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The meaning of «om»

Ōṁ (or Aum) (listen (help·info); Sanskrit: ॐ, ओम्, romanized: Ōṁ; Tamil: ௐ, ஓம்) is the sound of a sacred spiritual symbol in Indian religions, mainly in Hinduism, wherein it signifies the essence of the Ultimate Reality (parabrahman) which is consciousness (paramatman).[1][2][3] More broadly, it is a syllable that is chanted either independently or before a spiritual recitation in Hinduism, Buddhism, and Jainism.[4][5] The meaning and connotations of Om vary between the diverse schools within and across the various traditions. It is also part of the iconography found in ancient and medieval era manuscripts, temples, monasteries and spiritual retreats in Hinduism, Buddhism, Jainism, and Sikhism.[6][7]

In Hinduism, Om is one of the most important spiritual symbols.[8][9] It refers to Atman (Self within) and Brahman (ultimate reality, entirety of the universe, truth, divine, supreme spirit, cosmic principles, knowledge).[10][11][12] The syllable is often found at the beginning and the end of chapters in the Vedas, the Upanishads, and other Hindu texts.[12] It is a sacred spiritual incantation made before and during the recitation of spiritual texts, during puja and private prayers, in ceremonies of rites of passage (sanskara) such as weddings, and sometimes during meditative and spiritual activities such as Yoga.[13][14]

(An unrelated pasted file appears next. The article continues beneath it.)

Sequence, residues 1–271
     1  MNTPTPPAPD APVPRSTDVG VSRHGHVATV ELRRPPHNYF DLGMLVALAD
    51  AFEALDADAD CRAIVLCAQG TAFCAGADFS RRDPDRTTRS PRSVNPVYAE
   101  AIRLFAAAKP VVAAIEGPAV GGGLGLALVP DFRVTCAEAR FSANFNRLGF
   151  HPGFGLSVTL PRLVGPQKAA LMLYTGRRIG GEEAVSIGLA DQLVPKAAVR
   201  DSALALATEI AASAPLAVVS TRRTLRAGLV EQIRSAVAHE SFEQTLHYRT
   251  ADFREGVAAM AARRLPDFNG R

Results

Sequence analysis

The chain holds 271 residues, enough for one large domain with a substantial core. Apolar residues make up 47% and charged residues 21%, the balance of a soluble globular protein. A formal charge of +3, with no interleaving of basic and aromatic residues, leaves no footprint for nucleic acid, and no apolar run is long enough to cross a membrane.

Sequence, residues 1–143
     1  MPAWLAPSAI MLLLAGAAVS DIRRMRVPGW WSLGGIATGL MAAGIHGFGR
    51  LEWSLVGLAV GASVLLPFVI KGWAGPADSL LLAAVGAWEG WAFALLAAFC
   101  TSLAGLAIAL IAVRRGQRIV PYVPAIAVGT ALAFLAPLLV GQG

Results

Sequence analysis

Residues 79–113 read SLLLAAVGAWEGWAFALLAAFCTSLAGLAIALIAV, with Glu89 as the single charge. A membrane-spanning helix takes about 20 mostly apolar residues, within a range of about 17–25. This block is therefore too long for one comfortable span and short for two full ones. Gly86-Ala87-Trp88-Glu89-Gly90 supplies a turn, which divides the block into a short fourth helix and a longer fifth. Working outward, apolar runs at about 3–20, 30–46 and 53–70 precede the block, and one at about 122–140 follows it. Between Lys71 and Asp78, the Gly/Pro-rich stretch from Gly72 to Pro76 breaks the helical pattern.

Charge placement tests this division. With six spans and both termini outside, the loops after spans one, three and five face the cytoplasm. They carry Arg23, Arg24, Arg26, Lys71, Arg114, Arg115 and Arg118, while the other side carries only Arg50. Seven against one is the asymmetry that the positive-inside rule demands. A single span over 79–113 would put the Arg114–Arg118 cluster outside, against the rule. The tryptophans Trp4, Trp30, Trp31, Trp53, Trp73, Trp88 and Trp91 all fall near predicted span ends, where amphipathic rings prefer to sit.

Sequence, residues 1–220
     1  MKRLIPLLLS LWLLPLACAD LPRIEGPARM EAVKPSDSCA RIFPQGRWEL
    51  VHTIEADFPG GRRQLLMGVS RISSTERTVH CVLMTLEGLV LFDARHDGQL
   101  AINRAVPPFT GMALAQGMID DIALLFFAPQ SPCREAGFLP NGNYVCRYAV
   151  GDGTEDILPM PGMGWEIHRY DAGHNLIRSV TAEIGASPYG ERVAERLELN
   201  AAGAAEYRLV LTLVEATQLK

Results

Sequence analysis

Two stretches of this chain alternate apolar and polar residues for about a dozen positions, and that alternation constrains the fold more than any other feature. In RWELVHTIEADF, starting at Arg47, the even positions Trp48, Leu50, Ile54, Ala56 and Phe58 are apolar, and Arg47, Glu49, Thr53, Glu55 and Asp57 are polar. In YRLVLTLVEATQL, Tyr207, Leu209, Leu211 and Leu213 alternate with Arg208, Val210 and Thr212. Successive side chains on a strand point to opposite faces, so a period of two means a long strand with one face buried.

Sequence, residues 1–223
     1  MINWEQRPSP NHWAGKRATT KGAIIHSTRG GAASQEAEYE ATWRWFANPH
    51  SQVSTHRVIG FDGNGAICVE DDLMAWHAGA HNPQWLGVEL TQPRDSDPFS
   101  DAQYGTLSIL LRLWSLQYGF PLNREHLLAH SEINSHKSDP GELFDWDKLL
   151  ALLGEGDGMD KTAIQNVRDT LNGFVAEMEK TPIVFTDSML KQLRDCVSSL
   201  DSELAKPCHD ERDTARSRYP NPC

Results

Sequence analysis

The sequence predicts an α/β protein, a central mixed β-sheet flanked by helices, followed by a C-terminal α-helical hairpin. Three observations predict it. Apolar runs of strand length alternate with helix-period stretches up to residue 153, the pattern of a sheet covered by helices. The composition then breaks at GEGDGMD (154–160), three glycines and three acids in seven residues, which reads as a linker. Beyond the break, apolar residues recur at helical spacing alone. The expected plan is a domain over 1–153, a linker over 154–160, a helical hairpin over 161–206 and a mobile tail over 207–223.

The syllable Om is also referred to as Onkara/Omkara and Pranav/Pranava among many other names.[15][16]

The syllable Om is referred to by many names, including:

The etymological origins of ōm/āum have long been discussed and disputed, with even the Upanishads having proposed multiple Sanskrit etymologies for āum, including: from "ām" (आम्; "yes"), from "ávam" (आवम्; "that, thus, yes"), and from the Sanskrit roots "āv-" (अव्; "to urge") or "āp-" (आप्; "to attain").[24][A] In 1889, Maurice Blumfield proposed an origin from a Proto-Indo-European introductory particle "*au" with a function similar to the Sanskrit particle "atha" (अथ).[24] However, contemporary Indologist Asko Parpola proposes a borrowing from Dravidian "*ām" meaning "'it is so', 'let it be so', 'yes'", a contraction of "*ākum", cognate with modern Tamil "ām" (ஆம்) meaning "yes".[24][25]

Regardless of its original meaning, the syllable Om evolves to mean many abstract ideas even in the earliest Upanishads. Max Müller and other scholars state that these philosophical texts recommend Om as a "tool for meditation", explain various meanings that the syllable may be in the mind of one meditating, ranging from "artificial and senseless" to "highest concepts such as the cause of the Universe, essence of life, Brahman, Atman, and Self-knowledge".[26][27]

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oma* omb* omc* omd* ome* omf* omg* omh* omi* omj* omk* oml* omm* omn* omo* omp* omq* omr* oms* omt* omu* omv* omw* omx* omy* omz*
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